By Jude Brady, Faculty of Education, University of Cambridge
When I started my PhD research into teachers’ working conditions, I knew that budgets for England’s schools were shrinking. I had observed this through my own experiences as a classroom teacher.
By 2016, the year I left the profession, the heady days of pens and paper for all were over. I accepted that pupils shared core texts, I bought my own board pens, lined paper was a pipe-dream, student counselling hours were sparse, and many other professional services were out of budget. What I did not know was the reach of the problem, nor had I anticipated that it would escalate into a national funding crisis.
Protest against school funding cuts on April Fool’s Day in Cambridge
Photos by Steven Watson
Earlier this year, the National Audit Office reported that England’s schools have endured an 8% per-pupil funding cut in real terms compared to 2014/2015. Although the Department for Education (DfE) insists that ‘there is more money going into schools than ever before’, the unprecedented governors’ protest last month, and headteachers’ march in September 2018 suggest that many schools are facing a different reality.
This reality is reflected in my PhD data collected from those working at the chalk-face of state education. At the outset of my study, I had not intended to research school funding. In fact, the quantitative aspects of the study did not emphasise funding as a core concern. However, as I moved on to the qualitative part of the mixed-methods research, budget cuts emerged as a key theme in many of the participants’ narratives. It was a theme that was too strong to ignore.
According to my interviewees, the country’s most vulnerable children often suffer the brunt of funding cuts. One primary teacher spoke with audible anger about the effect on SEND pupils in her care. Some pupils were left to struggle in large classes after teaching assistants and other additional support had been deemed unaffordable.
Another school had to stop providing breakfast for its disadvantaged primary intake. Although food was donated by a local business, the school couldn’t afford to staff the canteen. Families felt the impact of this change alongside the closure of the local Sure Start centre – a government funded initiative which offers support and advice to parents. The headteacher feared the repercussions that these cuts would have on pupil wellbeing and school outcomes.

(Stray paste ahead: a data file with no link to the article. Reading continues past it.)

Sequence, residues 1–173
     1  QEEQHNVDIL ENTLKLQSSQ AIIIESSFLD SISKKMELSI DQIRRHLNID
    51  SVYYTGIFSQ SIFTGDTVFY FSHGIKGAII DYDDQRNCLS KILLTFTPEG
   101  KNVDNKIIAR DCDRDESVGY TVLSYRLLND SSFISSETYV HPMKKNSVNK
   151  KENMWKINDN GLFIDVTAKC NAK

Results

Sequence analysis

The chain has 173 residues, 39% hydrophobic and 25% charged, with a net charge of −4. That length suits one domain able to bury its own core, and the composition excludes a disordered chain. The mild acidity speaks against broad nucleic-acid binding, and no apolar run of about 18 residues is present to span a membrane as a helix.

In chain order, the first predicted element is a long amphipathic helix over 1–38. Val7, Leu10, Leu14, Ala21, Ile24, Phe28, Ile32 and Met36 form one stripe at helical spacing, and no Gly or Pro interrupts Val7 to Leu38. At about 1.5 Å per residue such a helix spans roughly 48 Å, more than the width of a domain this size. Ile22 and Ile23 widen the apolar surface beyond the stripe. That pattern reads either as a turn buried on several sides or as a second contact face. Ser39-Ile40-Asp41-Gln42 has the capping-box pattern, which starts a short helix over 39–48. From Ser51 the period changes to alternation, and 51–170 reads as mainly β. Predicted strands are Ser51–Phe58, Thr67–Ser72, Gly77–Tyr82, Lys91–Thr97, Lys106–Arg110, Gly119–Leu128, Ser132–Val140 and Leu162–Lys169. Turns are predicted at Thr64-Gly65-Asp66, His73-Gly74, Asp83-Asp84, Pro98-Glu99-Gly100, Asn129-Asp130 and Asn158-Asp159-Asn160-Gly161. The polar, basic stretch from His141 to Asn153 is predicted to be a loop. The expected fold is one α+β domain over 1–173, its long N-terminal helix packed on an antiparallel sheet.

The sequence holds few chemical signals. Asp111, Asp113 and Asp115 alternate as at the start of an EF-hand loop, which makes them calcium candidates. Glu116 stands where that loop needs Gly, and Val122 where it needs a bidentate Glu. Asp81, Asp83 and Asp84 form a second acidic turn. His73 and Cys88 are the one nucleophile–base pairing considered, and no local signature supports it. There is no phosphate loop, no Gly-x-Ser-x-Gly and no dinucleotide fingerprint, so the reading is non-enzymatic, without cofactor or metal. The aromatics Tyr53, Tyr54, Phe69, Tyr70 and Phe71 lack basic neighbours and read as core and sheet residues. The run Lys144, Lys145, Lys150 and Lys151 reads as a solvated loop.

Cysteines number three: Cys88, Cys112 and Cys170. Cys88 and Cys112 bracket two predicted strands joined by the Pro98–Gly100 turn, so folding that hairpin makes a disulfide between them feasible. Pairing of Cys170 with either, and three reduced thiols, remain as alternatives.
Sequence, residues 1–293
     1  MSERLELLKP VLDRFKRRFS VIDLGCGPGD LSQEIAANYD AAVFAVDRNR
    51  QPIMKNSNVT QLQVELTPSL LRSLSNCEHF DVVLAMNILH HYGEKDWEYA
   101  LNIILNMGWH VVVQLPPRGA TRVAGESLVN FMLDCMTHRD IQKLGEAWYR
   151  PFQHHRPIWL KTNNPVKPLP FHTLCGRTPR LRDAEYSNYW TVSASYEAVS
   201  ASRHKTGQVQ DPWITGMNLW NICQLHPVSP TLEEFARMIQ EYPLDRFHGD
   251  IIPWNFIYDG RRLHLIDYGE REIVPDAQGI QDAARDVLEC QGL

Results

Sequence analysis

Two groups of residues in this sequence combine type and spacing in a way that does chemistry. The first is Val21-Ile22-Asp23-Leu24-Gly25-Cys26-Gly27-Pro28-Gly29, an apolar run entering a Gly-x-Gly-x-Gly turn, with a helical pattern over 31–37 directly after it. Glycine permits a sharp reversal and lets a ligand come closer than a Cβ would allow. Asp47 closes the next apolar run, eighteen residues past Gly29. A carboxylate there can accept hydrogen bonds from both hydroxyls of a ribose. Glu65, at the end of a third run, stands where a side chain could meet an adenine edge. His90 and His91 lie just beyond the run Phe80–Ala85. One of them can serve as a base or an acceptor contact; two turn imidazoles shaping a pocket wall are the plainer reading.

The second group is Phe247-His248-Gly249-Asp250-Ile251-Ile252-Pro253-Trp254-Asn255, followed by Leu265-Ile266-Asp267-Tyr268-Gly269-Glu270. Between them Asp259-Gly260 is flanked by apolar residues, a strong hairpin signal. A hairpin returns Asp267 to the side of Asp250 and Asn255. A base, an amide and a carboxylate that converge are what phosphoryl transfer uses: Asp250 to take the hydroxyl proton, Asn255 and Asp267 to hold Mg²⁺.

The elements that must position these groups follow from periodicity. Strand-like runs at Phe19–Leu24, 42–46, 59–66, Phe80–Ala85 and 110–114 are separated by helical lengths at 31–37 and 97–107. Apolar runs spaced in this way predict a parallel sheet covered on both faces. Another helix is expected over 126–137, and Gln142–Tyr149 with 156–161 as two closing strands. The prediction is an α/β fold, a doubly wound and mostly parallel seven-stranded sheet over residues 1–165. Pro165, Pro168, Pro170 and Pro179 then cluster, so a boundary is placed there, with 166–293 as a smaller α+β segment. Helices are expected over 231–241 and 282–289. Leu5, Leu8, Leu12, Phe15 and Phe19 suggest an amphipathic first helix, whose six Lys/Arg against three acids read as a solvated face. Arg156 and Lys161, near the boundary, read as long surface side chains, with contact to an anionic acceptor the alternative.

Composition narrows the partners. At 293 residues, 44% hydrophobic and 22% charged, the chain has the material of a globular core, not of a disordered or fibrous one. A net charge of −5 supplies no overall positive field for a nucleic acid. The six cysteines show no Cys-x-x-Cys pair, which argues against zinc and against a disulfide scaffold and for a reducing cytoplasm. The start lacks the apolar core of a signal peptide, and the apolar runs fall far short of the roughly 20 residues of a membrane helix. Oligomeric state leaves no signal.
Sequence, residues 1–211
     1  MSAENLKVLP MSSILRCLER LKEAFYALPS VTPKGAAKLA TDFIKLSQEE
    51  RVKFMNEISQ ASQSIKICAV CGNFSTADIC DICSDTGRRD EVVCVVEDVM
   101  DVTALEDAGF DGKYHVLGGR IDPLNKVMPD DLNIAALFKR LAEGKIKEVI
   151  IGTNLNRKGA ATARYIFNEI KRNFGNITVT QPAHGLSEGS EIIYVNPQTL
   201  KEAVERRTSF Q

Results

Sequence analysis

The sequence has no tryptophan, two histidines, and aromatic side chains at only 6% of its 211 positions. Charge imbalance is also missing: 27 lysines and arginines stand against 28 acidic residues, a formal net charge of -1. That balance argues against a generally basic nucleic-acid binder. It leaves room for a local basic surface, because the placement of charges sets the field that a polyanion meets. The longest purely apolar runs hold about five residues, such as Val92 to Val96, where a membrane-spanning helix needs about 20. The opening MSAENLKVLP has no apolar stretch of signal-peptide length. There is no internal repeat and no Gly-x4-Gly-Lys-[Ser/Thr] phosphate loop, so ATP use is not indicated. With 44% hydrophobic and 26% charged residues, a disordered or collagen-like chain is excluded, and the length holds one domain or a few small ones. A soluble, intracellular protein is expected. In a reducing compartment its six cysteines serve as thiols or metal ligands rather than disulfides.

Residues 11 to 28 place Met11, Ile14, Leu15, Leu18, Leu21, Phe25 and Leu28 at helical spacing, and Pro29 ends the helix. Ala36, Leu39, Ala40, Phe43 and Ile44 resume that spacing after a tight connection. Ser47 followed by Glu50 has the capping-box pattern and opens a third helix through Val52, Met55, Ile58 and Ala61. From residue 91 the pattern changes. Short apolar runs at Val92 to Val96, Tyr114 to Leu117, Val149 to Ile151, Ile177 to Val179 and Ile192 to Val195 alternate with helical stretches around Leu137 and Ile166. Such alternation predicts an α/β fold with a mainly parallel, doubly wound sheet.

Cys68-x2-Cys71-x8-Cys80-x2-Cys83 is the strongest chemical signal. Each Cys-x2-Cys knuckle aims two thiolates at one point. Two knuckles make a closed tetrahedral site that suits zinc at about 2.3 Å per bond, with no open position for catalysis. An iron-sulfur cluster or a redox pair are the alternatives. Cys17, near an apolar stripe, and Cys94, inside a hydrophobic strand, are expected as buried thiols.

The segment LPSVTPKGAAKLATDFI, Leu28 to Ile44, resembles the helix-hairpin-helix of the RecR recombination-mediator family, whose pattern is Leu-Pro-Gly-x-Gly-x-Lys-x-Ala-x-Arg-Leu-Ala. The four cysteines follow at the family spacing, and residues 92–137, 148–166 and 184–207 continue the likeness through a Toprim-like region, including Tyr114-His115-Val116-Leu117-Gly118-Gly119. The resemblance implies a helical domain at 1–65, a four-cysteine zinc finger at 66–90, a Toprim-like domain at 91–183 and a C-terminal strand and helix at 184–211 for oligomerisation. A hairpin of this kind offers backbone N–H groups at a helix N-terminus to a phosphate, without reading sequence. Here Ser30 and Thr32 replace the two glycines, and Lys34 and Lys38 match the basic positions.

Secondary schools fared no better. One school in inner-London became so desperate to save money that it reduced sanitary-bin collections to once a month. This cost cutting measure was scrapped after pupils voiced concerns about overflowing bins, and a fly infestation in the girls’ toilets.
Some schools have had to cut back on their core resource – staff. One headteacher explained that he could no longer afford teachers’ salaries. When a teacher left, they would not be replaced. Instead, classes were collapsed and year groups mixed, so that more pupils could be taught by fewer teachers.
While there is some evidence to suggest that larger classes have little impact on pupils’ academic outcomes, they could increase workload for teachers. There is more marking to do, more reports to write, and more parents for teachers to keep updated. Workload is a key factor in driving teachers out of the profession.
As a primary headteacher explained, increased workload places additional pressure on teachers: “We are relying on an awful lot of extra from staff. The staff are run ragged. Everybody is so tired and so challenged – emotionally as well as physically.”
Teachers in this school were feeling the strain after they had volunteered to give up their legally protected ‘Planning, Preparation and Assessment’ (PPA) time to cover staff shortages. They did this to ensure that the school gates could remain open 5 days a week. Recent media reports suggest that more than 25 schools in England have shortened the school week to save on running costs.
For me, these narratives which detailed teachers’ lived experiences of the funding cuts reaffirmed the importance of mixed-methods and qualitative study. As one participant remarked, such work helps stakeholders to ‘see the faces behind the data’ in a way that raw numbers cannot.
Jude Brady started her career as a secondary school English teacher. She trained and worked in Yorkshire, before relocating to teach in the London boroughs of Southwark and Lewisham. Now, she is a third year PhD student at the University of Cambridge and Robinson College. Her work explores teachers’ working conditions (in relation to retention) in state and independent schools in England.